Labour is not a Commodity: Opportunities and Challenges for the ILO at the end of its first Century, (August 2016)

Professor Emerita Rosemary Owens AO.

CELRL Labour Law Seminar

'Labour is not a Commodity: Opportunities and Challenges for the ILO at the end of its first Century’.

Seminar presented by Professor Emerita Rosemary Owens AO.

Tuesday, 16 August 2016: 1:00 - 2:00 PM

Rosemary Owens speaking

About the event

In 2019 the ILO will celebrate 100 years since its foundation under the Treaty of Versailles. This seminar examined some of the opportunities and challenges the ILO faces in its role as the pre-eminent international regulatory agency of the UN intent on securing decent work for all in the global era. The seminar focussed in particular on the challenges and opportunities posed by the future of work, the role of tripartism, standards and regulatory mechanisms, and the supervisory systems.

About the speaker

Rosemary Owens, AO, is Professor Emerita at The University of Adelaide where she was formerly Dame Roma Mitchell Chair of Law (2008-2015) and Dean of Law (2007-2011).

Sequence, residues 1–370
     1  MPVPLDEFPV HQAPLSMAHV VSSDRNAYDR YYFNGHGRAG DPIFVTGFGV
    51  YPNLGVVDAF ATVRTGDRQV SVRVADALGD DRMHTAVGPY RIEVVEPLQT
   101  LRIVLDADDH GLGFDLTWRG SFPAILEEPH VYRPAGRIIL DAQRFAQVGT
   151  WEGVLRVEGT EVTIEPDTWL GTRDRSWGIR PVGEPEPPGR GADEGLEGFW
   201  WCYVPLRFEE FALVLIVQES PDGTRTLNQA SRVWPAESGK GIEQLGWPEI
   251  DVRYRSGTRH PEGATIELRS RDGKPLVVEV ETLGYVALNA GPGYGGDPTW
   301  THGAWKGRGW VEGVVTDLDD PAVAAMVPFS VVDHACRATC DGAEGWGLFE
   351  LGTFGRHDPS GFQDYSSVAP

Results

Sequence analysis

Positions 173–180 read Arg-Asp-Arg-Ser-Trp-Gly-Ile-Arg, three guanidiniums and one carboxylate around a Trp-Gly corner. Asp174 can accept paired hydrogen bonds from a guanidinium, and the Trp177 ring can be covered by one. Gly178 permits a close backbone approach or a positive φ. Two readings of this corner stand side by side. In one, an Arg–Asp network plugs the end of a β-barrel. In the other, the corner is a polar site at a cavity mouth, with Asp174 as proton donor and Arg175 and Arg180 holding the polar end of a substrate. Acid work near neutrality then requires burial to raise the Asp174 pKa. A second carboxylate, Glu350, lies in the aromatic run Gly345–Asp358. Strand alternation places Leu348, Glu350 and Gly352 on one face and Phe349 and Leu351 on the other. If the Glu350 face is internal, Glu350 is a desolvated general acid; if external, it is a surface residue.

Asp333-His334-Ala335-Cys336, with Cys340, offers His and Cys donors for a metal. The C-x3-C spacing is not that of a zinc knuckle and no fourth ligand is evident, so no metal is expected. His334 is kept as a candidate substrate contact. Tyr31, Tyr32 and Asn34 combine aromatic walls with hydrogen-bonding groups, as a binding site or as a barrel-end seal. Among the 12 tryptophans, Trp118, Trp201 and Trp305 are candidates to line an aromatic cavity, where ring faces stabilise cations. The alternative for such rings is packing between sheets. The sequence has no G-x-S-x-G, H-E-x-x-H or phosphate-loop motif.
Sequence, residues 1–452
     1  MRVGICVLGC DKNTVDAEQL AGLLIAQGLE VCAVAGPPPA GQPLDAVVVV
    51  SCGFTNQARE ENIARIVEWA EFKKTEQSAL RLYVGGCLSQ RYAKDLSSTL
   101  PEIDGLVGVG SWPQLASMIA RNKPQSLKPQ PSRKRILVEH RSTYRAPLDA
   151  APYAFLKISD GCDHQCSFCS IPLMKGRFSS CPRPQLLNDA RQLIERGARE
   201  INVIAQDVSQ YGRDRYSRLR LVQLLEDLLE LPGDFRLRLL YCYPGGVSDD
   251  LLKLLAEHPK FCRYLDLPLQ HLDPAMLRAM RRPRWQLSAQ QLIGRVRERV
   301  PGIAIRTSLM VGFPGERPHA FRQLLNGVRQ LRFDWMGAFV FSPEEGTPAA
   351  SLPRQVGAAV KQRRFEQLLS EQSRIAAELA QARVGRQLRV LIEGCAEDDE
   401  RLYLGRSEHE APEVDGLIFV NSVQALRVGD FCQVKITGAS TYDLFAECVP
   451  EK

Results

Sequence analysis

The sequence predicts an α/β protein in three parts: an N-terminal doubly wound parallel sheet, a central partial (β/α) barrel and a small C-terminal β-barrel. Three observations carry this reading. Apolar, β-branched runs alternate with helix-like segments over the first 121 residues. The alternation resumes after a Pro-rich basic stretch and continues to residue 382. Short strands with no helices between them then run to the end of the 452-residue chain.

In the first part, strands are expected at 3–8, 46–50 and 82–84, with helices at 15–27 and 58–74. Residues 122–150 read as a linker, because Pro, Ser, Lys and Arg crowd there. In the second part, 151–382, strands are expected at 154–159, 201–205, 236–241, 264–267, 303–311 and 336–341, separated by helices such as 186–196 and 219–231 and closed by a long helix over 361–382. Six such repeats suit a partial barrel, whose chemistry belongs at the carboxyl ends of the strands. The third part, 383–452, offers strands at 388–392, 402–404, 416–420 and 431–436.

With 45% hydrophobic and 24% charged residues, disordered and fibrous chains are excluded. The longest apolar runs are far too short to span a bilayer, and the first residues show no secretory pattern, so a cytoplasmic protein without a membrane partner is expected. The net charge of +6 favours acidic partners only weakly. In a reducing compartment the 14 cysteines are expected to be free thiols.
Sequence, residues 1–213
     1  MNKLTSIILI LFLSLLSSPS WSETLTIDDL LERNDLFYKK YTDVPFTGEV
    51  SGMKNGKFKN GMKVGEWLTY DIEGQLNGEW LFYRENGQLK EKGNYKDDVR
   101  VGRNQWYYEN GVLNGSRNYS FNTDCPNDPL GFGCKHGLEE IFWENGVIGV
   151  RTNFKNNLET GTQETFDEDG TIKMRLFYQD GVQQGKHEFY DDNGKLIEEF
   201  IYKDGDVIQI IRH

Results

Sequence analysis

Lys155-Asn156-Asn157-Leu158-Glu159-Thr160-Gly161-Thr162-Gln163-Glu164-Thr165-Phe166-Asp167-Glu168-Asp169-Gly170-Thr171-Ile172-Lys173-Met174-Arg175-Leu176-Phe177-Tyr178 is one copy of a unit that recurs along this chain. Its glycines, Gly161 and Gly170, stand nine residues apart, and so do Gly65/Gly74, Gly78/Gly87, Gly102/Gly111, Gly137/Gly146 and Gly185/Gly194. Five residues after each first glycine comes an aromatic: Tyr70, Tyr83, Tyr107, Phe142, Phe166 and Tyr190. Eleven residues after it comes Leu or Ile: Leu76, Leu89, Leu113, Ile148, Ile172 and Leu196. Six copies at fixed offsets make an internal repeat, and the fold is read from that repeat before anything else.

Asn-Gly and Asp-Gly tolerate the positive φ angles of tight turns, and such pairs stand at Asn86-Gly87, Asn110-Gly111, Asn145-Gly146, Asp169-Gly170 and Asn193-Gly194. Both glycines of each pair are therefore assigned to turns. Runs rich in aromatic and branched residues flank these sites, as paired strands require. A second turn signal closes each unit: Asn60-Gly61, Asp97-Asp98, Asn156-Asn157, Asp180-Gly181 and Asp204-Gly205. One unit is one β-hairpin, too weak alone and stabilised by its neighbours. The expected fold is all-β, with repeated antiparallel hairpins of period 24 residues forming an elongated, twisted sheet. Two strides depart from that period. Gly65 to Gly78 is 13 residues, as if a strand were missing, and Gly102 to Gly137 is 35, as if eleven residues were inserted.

Her research focuses on workplace law, with books including The Law of Work (OUP, 2007 and 2011), and most recently a collection of essays, Temporary Labour Migration in the Global Era: The Regulatory Challenges (Hart, 2016) (jointly edited with Joanna Howe).

Professor Emerita Owens is also co-author (with Andrew Stewart) of Experience or Exploitation? The Nature, Prevalence and Regulation of Unpaid Work Experience, Internships and Trial Periods in Australia, a report for the Fair Work Ombudsman, 2013. She is the lead investigator on an ARC Discovery Project over the years 2015-2018, entitled ‘Regulating Post-secondary Work Experience: Labour Law at the Intersection of Work and Education’ (with 3 other Chief Investigators at Adelaide Law School: Prof Andrew Stewart, Assoc Prof Anne Hewitt and Dr Joanna Howe).

Professor Emerita Owens is also a member of the Committee of Experts on the Application of Conventions and Recommendations of the International Labour Organization, a UN agency. She is a member of the Editorial Boards of the Australian Journal of Labour Law and the Revue de Droit Comparé du trvail et de la Sécurité Sociale. She is a Fellow of the Australian Academy of Law. In 2014 she was appointed as an Officer in the Order of Australia for her distinguished service to law, to international and national labour law and relations, and to women.

Seminar room Rosemary Owens